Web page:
The China Scapegoat
Scapegoat-“A person, often innocent, who is blamed and punished for the sins, crimes, or sufferings of others, generally as a way of distracting attention from the real causes.” Wikipedia
China’s military has become a convenient excuse of late for exquisite weapons programs and grandiose military plans, but not just in the United States. Countries as diverse as India, Japan, and Australia have fingered the world’s most populous nation for some future conflict, and have devised their strategies in consideration of this ominous idea.
All nations have a right for self-defense, and China hasn’t gone out of her way to allays fears and tensions rising in the Pacific and Indian Ocean regions. Her actions in the China Seas with American warships, as well as ongoing rhetoric against the free Taiwanese are cause for concern but not overreaction. It appears though that some countries are using the strained relations as grounds for the biggest arms race since the 1980s, while hoping to persuade their presumed foe to do the opposite. For example:
India-The great sub-continent recently completed its first nuclear powered submarine, after decades of trying. While apparently geared toward the rising Chinese threat in the Indian Ocean, it is its long-rival Pakistan who seems to be the most concerned. According to a report, up to 125 new ships are planned including ” Nuclear submarines, Aircraft carriers, Warships, Frigates, Remote controlled underwater submerged war apparatus are all in the making.” After the horrible Mumbai terrorist attacks which were launched in a unique amphibious raid, it is difficult to see how the nuclear boat and aircraft carrier, and advanced missile escorts will defend the nation’s shores from such agile foes who cannot be tamed by massive conventional arms, as we have consistently seen in this decade. More essential than a 20th century warship, would be scores and perhaps hundreds of coastal patrol craft which could be purchased at the same price, plus more troops to watch the historic northern land invasion route.
Australia-Another Continental power has decided to expand its influence after centuries as a junior partner to first Britain then America. In the greatest military buildup that nation has seen since World War 2, plans are for a fleet of 12 submarines, 2 air-capable amphibious ships, plus Aegis anti-air warfare destroyers, and at least 100 F-35 stealth bombers. The Australians posses a long and vulnerable coastline (25,760 km) easily penetrated by terrorist insurgents striking from the sea. At drastically less expense than its current defense plans, a drastically larger fleet of coastal submarines, patrol ships, and UAVs could be purchased, greatly enhancing its security without fueling a 21st century arms race. Thanks to the power and accuracy of new sensors and smart weapons, the Aussies would not necessarily be giving up capability, but they would fielding a 21st century force for real 21st century threats.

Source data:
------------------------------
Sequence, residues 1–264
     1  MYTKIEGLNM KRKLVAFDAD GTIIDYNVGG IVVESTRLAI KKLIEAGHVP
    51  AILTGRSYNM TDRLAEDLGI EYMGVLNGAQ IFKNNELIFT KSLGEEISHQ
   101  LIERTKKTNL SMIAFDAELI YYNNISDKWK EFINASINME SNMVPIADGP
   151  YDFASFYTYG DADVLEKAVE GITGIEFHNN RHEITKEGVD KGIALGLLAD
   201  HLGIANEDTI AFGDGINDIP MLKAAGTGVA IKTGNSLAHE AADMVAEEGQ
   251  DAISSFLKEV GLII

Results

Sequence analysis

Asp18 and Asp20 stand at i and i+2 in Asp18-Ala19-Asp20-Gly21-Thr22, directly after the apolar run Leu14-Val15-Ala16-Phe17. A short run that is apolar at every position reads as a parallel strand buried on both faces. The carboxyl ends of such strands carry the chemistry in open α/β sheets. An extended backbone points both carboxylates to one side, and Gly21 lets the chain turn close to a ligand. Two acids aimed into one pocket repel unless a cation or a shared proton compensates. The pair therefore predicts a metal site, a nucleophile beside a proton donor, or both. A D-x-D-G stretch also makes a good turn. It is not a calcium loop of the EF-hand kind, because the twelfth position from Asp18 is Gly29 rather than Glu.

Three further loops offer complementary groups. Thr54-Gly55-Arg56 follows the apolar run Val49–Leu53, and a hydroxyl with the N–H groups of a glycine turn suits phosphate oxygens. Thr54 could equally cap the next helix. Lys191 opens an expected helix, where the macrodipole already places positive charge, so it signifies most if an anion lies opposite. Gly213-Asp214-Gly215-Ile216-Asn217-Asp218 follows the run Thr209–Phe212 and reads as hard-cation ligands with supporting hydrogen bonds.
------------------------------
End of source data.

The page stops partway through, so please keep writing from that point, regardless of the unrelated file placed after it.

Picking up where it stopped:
Japan-Currently our former Pacific foes are lobbying to purchase the advanced F-22 stealth fighter. Such an outcome stands a better chance of happening than some think, now that the USAF has been denied future purchases by a White House focused on winning current conflicts. Like America, Japan can only afford a handful of these $300 million superjets, and it is difficult to see how perhaps 50 fighters can stand up to the 2000 plane Chinese Air Force, no matter how capable the weapon. Unlike the USA but like Taiwan, the island nation is close enough to China’s massive conventional missile and rocket arsenal and any airbase capable of launching the Raptor would easily be targeted for destruction early in a conflict. Lots of cheaper fighters and UAVs, dispersed around the countryside, able to fly from highways or rough airstrips would be more survivable, more useful in current insurgent conflicts, and while being able to launch the same precision smart bombs and missiles as the more expensive American plane.
Finally, we examine the USA/Sino relationship. Aside from the obvious, that is is ludicrous to make designs against a nation currently bankrolling our economy, there is also the enormous expense. While we try to push ourselves into a conflict with one of the world’s fastest growing economies, we are stretched thin fighting two campaigns in the Middle East, while using battleships to fight pirates in the Gulf of Aden (another example of preparing for the wrong conflict).
This is not to say that war with China isn’t a possibility. If history is a guide it is even a likelihood that powerful economic competitors will eventually turn to arms to settle their trade differences. Still, there is no hurry in this impending clash of nations, and it is doubtful our old 3rd Generation weapons updated somewhat in order to call them “future weapons” like our Raptor jets, the aircraft carriers, and destroyers from the 1980s, can contend with these masters of 4th Generation Warfare.